Earn-out provisions require careful planning
This article examines the challenges surrounding earnout provisions, particularly when the subject entity has a short history, but high growth potential, such as in untested technology. Carefully constructed earnout contingencies may help alleviate disagreements between the transaction parties and avoid valuation disparities in the process.
Earnout provisions are often utilized in merger and acquisition (M&A) transactions to bridge gaps between sellers and buyers. Â For example, when the buyer cannot justify paying more than $45 million for the subject entity and the seller will not settle for less than $50 million, a carefully structured earnout contingency may help delay, and possibly relieve, the disagreement. The valuation disparity may be broadened when the subject entity has a relatively short operating history, but high growth prospects, perhaps possessing proprietary, albeit unproven technology, and may also be subject to earnings volatility.
An earnout provision enables the seller of a business entity to receive additional compensation, post-transaction, based on the business achieving certain future performance-based goals (e.g., earnings before interest, taxes, depreciation, and amortization (EBITDA); sales or revenues; successful FDA formulation approval; new product launch, etc.). Â Quite often, the performance benchmarks must be achieved within a predefined period of time. Â If they are not achieved, the contingent payments are reduced or eliminated altogether. Although the terms of earnouts may vary, they generally share several common features related to payment, including: (1) contingent nature; (2) delayed timing; (3) amount variability; and (4) performance-based determinant.
Buyers benefit from the protection afforded by earnouts. They are able to spread the purchase price payment over a protracted period of time and pay a price that more accurately reflects the value of the subject entity. Â It also enables the buyer to share performance risk with the seller, ensuring the seller remains motivated, particularly as part of the post-transaction management team. If performance benchmarks are met, the seller benefits from an increased purchase price, validating pre-transaction confidence about management strength, technological advances, product viability, synergistic benefits, etc.Â
Despite the appeasement they ideally create down the road, earnouts can also fuel disagreements between the transaction parties. Â Earnout provisions should be carefully structured and documented at the time of the transaction; however, it is difficult to predict every contingency. Â How should performance be measured? Â What type of performance monitoring must occur? Â What is the tax and accounting treatment of any contingent payment? Â What are the partiesâ€™ responsibilities to fulfill performance obligations? When the earnout measurement period lapses and calculations are performed to determine payment, the parties may disagree as to whether the applicable targets for an earnout payment were satisfied. I f they were not satisfied, the parties may also disagree about why the earnout targets were not met. Â The Delaware Court of Chancery wrote, â€ś[e]arn-outs frequently give rise to disputes, and prudent parties contract for mechanisms to resolve those disputes efficiently and effectively.â€ť Aveta, Inc. v. Bengoa, 986 A.2d 1166, 1173 (Del. Ch. 2009).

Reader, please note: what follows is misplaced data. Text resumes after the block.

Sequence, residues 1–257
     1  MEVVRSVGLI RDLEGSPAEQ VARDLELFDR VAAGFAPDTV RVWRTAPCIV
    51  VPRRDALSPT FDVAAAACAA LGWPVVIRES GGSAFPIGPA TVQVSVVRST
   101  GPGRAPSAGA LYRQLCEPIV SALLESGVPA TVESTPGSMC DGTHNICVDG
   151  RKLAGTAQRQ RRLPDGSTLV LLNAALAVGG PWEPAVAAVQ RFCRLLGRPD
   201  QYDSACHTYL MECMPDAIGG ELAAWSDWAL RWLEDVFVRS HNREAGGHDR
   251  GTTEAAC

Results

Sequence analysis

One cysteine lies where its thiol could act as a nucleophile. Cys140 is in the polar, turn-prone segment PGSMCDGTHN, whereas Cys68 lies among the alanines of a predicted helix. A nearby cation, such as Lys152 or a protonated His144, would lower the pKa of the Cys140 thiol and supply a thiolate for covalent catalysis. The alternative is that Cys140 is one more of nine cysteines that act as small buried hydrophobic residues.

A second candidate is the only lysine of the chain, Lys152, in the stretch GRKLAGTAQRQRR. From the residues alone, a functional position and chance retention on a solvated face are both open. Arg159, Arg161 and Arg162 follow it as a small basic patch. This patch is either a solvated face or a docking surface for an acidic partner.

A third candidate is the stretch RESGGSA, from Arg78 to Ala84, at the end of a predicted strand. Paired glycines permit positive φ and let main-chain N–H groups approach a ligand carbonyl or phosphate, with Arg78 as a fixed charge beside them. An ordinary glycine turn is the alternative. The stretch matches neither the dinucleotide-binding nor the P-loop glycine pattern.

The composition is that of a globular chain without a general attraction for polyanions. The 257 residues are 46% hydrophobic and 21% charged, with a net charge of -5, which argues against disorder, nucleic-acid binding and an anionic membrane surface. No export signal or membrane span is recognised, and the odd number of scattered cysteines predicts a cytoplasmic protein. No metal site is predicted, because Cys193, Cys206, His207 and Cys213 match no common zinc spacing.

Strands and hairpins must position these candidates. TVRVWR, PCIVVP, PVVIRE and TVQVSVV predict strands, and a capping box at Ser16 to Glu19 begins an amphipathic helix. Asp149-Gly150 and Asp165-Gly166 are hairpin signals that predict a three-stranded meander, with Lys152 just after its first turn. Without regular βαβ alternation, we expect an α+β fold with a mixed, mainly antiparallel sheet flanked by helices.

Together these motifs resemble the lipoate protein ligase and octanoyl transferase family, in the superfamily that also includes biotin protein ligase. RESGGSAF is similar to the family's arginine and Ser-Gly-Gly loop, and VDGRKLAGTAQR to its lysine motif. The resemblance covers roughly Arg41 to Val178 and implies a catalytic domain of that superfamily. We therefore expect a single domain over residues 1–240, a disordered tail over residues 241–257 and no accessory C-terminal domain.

Therefore, to set forth the contractual language of the earnout provision, both parties must be mindful of the features stated above that ultimately impact payment. The benchmark performance metric should be easily quantifiable and unsusceptible to manipulation or differences in interpretation. Â The agreement should further specify the post-transaction responsibilities of, and resources to be devoted by, both the seller and the buyer. Â Practical numerical examples shown in the agreement may go a long way toward alleviating disagreement upon settlement.
Given the often adverse nature of transaction structuring and earnout negotiating, retention of qualified outside advisors (e.g., attorneys, investment bankers, tax and financial reporting accountants, valuation specialists and other professionals) at the onset will help mitigate the possibility of a disagreement between the buyer and seller while allowing both parties to focus on more immediate integration needs. Furthermore, agreeing to again retain professional assistance at the time the earnout period lapses will increase the likelihood the calculation is performed objectively.
This article was originally written byÂ Adrian LoudÂ and published on the website ofÂ Bennett Thrasher, an Atlanta-based, full-service, certified public accounting and consulting firm.Â You can reach Adrian at firstname.lastname@example.org or (770) 396.2200.Â
[author] [author_image timthumb=’on’]http://m.c.lnkd.licdn.com/mpr/mpr/shrink_200_200/p/2/000/0fd/000/221a926.jpg[/author_image] [author_info]Adrian Loud is a shareholder in the Valuation and Litigation Support Services department of Bennett Thrasher.Â He has worked with clients across many industries and at various stages in their life cycle. Â His experience includes valuation advisory and litigation support services for engagements such as estate tax planning and compliance, economic damages calculations, transfer pricing, financial reporting, employee stock ownership plans, reasonable compensation studies, 409A compliance, condemnation matters and intangible asset and intellectual property analyses.[/author_info] [/author]Â